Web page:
With each album, they’ve become deeper and richer – starting with The War Room EP, which uses old Blitz Spirit propaganda films from WWII, through the mishmash of newsreels and educational films from Inform Educate Entertain, to The Race for Space, which turns real radio transmissions from the Space Race into gripping songsEvery Valley is certainly their worthiest project yet, covering the fall of the South Welsh mining industry in the latter half of the twentieth century.

God, that sounds grim, doesn’t it?

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Short story: Wei Lai and Mazu

The moment of Wei Lai’s conception was streamed live in schools across China. As the microscopic glass needle punctured the egg, Commander Xue answered carefully rehearsed questions from pupils back on Earth.

No, the baby would not be going on the colony ship to Sirius. This was just an experiment.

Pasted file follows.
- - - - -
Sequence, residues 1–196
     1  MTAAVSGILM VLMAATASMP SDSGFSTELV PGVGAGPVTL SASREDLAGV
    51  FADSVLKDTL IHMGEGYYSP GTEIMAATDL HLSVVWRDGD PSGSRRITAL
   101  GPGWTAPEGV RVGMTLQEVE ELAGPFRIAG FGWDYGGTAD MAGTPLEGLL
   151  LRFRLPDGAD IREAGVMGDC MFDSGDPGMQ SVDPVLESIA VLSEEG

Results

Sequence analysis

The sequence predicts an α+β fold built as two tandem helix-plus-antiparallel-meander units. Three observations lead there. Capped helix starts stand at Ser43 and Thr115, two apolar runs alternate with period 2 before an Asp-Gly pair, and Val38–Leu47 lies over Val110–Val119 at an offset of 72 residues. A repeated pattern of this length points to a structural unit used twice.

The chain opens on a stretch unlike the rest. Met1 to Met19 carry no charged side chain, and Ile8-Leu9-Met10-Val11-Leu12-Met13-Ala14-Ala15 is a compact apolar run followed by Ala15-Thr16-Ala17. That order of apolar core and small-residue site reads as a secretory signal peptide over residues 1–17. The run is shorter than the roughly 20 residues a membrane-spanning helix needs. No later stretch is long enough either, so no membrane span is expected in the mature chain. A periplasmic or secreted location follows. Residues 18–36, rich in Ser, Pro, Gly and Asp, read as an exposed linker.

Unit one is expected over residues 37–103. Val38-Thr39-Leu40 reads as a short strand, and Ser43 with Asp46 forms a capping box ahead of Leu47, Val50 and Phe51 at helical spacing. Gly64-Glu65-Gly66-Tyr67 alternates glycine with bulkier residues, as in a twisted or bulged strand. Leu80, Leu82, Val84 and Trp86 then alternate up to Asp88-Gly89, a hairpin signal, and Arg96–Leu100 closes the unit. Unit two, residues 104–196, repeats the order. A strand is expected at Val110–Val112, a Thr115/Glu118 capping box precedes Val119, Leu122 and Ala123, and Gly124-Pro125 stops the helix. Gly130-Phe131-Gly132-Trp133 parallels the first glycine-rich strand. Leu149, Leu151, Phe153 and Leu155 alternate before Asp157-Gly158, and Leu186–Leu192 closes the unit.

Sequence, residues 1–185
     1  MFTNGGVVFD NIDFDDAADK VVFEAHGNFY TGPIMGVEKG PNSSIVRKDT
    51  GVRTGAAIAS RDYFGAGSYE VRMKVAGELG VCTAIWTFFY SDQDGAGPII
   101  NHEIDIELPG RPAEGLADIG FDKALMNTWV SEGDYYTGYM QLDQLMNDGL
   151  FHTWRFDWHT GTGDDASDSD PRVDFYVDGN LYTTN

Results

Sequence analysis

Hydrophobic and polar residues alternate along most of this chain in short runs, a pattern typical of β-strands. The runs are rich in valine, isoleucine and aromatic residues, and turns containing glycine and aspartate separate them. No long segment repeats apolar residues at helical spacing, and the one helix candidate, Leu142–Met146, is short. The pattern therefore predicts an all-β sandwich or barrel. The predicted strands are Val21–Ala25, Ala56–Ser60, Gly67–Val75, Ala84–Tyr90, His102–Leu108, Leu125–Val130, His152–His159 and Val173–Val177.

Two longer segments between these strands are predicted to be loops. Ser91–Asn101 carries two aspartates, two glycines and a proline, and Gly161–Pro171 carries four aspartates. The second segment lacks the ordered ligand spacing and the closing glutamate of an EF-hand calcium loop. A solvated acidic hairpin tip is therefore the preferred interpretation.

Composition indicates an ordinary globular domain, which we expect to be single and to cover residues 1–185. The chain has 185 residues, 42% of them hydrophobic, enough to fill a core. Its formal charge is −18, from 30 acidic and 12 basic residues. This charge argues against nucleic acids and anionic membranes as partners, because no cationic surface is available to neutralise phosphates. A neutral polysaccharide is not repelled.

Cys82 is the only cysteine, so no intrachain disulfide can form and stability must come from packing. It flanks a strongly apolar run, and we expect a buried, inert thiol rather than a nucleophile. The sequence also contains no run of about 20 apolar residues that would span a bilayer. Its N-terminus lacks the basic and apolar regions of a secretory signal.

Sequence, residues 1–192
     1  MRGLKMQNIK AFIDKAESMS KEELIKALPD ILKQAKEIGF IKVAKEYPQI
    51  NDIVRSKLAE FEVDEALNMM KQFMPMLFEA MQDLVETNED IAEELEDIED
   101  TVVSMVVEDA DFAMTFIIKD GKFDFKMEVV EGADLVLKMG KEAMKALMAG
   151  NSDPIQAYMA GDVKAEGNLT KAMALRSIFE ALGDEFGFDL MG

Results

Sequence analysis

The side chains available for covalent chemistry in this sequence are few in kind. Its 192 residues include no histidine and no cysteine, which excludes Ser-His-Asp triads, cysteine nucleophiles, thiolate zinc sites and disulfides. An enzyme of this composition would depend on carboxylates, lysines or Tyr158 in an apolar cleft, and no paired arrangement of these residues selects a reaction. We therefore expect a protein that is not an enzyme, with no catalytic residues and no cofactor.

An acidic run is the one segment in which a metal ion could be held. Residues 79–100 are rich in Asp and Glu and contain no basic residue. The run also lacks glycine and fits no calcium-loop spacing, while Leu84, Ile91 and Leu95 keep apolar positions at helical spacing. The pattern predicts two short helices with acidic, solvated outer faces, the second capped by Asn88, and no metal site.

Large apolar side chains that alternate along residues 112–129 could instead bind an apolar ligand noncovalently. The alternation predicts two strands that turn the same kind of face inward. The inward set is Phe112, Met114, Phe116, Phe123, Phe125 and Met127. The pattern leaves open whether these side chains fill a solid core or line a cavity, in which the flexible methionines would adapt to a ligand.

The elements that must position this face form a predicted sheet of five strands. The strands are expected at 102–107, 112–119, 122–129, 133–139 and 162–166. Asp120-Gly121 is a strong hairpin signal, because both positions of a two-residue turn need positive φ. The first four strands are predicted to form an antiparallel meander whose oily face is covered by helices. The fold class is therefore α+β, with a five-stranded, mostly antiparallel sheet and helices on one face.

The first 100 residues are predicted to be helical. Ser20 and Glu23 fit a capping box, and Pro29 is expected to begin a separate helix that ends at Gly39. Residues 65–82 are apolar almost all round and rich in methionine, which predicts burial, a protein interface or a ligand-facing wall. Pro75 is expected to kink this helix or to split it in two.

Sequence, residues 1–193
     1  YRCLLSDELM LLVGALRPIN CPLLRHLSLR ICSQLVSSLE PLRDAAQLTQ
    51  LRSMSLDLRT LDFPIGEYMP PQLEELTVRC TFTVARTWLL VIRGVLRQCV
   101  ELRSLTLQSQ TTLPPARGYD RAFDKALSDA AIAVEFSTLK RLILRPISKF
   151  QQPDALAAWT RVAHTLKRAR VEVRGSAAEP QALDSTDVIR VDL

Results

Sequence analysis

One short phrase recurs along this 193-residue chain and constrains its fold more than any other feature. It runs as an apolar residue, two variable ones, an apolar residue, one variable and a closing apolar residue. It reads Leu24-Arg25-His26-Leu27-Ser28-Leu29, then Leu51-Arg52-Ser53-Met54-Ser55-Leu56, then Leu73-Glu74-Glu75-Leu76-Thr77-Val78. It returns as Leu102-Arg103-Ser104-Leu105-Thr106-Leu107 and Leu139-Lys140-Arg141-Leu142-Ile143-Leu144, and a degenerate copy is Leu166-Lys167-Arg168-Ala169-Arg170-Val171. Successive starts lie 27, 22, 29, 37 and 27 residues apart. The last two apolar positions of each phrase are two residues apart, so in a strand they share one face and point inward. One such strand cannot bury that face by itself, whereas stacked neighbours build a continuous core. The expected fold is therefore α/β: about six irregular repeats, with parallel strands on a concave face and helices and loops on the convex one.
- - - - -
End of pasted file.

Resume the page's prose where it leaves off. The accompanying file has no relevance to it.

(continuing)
Yes, it would have a mummy. He or she (the gender neutrality of Mandarin pronouns is a godsend) would be implanted back in the mother on returning to Earth. Tests of the artificial wombs would come later, once the viability of IVF in space had been proven.

No, a child conceived in space should be no different to one conceived on Earth. Continue reading

Thoughts: Nomad, by Alan Partridge

I’m so behind on these. Argh.

Anyway, let me open by saying that if you come from an Alan Partridgeless existence, then may I recommend you remedying that asap.

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Thoughts: Fictions, by Jorge Luis Borges, translated by Andrew Hurley

Well, I keep doing it to myself. I keep reading universally beloved books and then having to give my useless opinions on them. Do you need me to tell you that Borges is great? Because he is great. Now you know.

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German Reading Project: Nymphs: Tödliche Liebe, by S. Luhtanen and M. Oikkonen, translated by Alexandra Stang

This is the first novel-length German book I’ve read from beginning to end (Der Kleine Prinz being very short) without interrupting it with English reading. I’m pretty proud of myself. And one day maybe I’ll read a German book that isn’t in translation! Translation is great, but I feel like I’m doing German literature a disservice by snubbing its authors…